Description: Course provides an overview of the history of sleep medicine, normal sleep physiology, effects of the sleep-wake stage, sleep disorders and abnormal sleep physiology, and an introduction to polysomnography (including patient interaction, sensor and lead placements, and instrumentation). Course also introduces the fundamentals of therapeutic interventions utilized to treat sleep disorders. Students taking REST 3502 are required to r a 6-10 page paper outlining the implications for assisted ventilation to sleep disorders. Students taking REST 2505  cannot take REST 3502 for credit.
    Pre-requisite(s): medical terminology, anatomy, and physiology or completion of respiratory therapy program or C.R.T., R.R.T., or R.N. credential.
  
  • REST 3503 - Instrumentation and Computers in Polysomnography

    Credits: (2)
    Typically Taught Summer Semester: 1st Blk
    Typically Taught Fall Semester: 1st Blk
    Typically Taught Spring Semester: 1st Blk
    Description: Course provides study of equipment, instrumentation, and recording devices utilized in polysomnography. Includes EEG waves, signal pathway and derivation of waves, impedance, sensitivity, time constants, amplifiers, filters, calibration, electrodes, artifacts (both equipment and patient-generated), computer basics, and monitoring devices. Students taking 3503 are required to write a 6-10 page paper outlining specific instrumentation in polysomnography assessing sleep disorders. Students taking REST 2503  cannot take REST 3503 for credit.
    Pre-requisite(s): REST 2500 /REST 3500  and REST 2502 /REST 3502  or medical terminology, human anatomy and human physiology.
    May be repeated twice with a maximum of 6 credit hours.
  
  • REST 3504 - Laboratory Practice of Instrumentation in Polysomnography

    Credits: (1)
    Description: Course provides practice and application of operating principles of equipment, instrumentation, and recording devices utilized in polysomnography. Includes EEG waves, signal pathway and derivation of waves, impedance, sensitivity, time constants, amplifiers, filters, calibration, electrodes, artifacts (both equipment and patient generated), computer basics, and monitoring devices.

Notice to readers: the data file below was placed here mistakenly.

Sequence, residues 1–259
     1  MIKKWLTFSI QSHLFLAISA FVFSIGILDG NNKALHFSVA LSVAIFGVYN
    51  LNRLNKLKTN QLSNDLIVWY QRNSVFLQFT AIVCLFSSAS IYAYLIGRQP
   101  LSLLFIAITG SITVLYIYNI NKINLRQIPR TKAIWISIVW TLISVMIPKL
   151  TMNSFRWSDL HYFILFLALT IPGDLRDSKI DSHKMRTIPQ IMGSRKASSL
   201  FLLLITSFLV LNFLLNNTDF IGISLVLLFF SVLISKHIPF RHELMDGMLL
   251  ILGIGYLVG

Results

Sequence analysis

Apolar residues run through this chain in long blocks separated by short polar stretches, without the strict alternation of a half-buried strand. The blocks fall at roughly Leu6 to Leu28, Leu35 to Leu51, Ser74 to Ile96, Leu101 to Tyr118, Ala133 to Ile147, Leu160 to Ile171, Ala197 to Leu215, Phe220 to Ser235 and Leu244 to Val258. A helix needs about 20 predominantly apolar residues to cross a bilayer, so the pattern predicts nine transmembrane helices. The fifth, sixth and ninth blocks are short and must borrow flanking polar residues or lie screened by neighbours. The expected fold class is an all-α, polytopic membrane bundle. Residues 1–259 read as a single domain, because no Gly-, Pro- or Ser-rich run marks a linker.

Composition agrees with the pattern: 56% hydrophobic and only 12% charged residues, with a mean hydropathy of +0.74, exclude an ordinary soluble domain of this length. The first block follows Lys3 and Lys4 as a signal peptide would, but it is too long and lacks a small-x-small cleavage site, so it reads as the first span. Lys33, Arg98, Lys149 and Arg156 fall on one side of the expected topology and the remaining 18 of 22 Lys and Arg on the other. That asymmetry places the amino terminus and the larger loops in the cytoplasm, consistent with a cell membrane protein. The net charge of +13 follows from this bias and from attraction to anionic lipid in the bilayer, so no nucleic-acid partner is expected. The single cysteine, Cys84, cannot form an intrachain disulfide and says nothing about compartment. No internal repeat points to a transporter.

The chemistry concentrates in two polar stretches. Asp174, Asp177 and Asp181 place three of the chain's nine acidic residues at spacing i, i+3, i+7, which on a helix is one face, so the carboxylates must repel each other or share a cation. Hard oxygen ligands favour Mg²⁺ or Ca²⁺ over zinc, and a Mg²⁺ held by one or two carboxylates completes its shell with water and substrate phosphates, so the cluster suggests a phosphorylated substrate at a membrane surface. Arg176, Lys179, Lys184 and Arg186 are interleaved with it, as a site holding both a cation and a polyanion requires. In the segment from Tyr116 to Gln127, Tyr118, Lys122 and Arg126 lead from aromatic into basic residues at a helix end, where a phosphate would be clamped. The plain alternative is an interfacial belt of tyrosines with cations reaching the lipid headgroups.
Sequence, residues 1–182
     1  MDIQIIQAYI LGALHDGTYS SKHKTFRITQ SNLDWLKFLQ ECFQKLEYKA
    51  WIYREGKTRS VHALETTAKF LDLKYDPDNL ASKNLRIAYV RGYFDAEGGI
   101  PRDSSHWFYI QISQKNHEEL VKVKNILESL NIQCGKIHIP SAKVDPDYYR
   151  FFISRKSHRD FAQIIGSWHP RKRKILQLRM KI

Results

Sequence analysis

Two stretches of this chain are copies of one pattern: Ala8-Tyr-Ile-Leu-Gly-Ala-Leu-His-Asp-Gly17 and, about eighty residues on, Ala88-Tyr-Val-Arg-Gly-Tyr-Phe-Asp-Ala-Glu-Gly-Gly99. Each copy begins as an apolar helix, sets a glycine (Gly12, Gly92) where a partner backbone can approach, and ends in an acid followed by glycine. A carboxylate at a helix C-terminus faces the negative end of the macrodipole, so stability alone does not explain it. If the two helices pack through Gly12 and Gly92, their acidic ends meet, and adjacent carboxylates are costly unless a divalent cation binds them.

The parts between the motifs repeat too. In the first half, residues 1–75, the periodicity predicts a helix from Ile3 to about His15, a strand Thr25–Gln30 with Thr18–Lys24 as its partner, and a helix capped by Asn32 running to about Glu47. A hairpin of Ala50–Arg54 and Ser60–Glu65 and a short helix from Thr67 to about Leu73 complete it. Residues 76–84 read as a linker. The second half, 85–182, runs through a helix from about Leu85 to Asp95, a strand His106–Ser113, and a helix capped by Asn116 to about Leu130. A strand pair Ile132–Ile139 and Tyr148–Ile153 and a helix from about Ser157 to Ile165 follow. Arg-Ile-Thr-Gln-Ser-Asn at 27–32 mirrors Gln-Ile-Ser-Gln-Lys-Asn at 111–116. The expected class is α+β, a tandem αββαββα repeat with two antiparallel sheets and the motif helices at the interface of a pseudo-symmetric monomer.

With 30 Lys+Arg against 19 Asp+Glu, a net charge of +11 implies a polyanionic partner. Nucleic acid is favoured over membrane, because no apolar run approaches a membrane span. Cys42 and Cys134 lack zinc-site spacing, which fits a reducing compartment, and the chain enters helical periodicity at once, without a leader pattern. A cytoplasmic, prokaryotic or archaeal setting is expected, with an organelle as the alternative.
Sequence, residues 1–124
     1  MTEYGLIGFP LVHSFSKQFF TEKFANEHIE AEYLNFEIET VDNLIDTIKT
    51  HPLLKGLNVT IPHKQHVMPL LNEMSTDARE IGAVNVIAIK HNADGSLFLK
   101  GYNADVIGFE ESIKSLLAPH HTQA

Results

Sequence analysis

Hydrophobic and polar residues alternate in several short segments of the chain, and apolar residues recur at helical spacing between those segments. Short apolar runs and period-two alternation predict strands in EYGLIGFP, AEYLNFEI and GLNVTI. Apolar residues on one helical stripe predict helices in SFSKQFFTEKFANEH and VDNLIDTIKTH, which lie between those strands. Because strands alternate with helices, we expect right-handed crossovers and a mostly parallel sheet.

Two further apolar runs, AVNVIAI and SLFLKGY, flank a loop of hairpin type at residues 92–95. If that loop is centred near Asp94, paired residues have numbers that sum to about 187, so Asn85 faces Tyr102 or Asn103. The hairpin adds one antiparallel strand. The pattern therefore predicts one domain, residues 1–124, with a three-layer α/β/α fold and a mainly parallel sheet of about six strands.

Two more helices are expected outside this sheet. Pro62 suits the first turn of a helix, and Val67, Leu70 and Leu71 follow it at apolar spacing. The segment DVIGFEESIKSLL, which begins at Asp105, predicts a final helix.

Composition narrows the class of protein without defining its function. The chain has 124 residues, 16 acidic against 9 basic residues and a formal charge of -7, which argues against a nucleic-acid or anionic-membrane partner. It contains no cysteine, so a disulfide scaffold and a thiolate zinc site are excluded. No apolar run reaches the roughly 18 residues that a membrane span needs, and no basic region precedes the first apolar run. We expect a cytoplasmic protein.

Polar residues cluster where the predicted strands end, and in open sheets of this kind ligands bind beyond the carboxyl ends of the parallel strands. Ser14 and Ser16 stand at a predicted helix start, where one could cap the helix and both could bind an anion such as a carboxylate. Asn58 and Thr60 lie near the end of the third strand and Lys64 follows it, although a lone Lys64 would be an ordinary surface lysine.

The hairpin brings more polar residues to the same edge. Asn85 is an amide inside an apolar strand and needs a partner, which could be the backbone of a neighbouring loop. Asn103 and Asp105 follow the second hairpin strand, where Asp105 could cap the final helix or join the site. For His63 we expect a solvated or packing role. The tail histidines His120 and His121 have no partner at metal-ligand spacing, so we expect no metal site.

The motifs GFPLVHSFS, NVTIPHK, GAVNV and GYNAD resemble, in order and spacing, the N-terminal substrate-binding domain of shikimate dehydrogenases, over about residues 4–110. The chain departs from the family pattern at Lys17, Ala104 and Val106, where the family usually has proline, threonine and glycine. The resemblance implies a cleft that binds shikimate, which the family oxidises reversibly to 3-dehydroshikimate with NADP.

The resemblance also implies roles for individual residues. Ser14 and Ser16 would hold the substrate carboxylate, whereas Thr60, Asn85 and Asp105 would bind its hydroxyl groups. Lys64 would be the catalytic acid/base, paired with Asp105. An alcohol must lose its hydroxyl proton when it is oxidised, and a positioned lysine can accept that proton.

Pre-requisite(s): REST 3502 /REST 2502  or medical terminology, human anatomy and human physiology
    Co-Requisite(s): Concurrent enrollment with REST 3503 .
  
  • REST 3505 - Therapeutics of Managing Sleep Apnea

    Credits: (2)
    Description: Course provides current therapies and interventions for treatment of sleep apneas. Interventions include positive airway pressure therapy (nocturnal CPAP and bi-level CPAP), surgery, and dental devices. Patient compliance and outcomes of these treatments are included. Students taking REST 3505 are required to write a 6-10 page paper outlining strategies managing sleep apnea. Students taking REST 2505  cannot take REST 3505 for credit.
    Pre-requisite(s): REST 2501 /REST 3501  and REST 2502 /REST 3502  or medical terminology, human anatomy and human physiology.
    May be repeated once for a maximum of 4 credit hours.
  
  • REST 3506 - Advanced Technical Procedures

    Credits: (3)
    Description: Course provides detailed description and discussion of specific diagnostic procedures in PSG, including multiple sleep latency tests, maintenance of wakefulness test, REM behavior disorder studies, MMPI, movement disorders, TCM, nocturnal seizure disorders, esophageal balloon procedures, and others.
    Pre-requisite(s): REST 3502  and REST 3503 .
    May be repeated once for a maximum of 6 credit hours.
  
  • REST 3507 - Event Recognition and Polysomnography Scoring

    Credits: (3)
    Description: Course provides advanced study of sleep stages and recognition of EEG characteristics of each stage. Multi-channel recording of breathing events, leg movements, ocular movements, cardiac and oxygenation monitoring, parasomnias, and interictal and ictal epileptic events are also presented. Course will include review and scoring of 12-hour polysomnography records to determine the overall sleep score.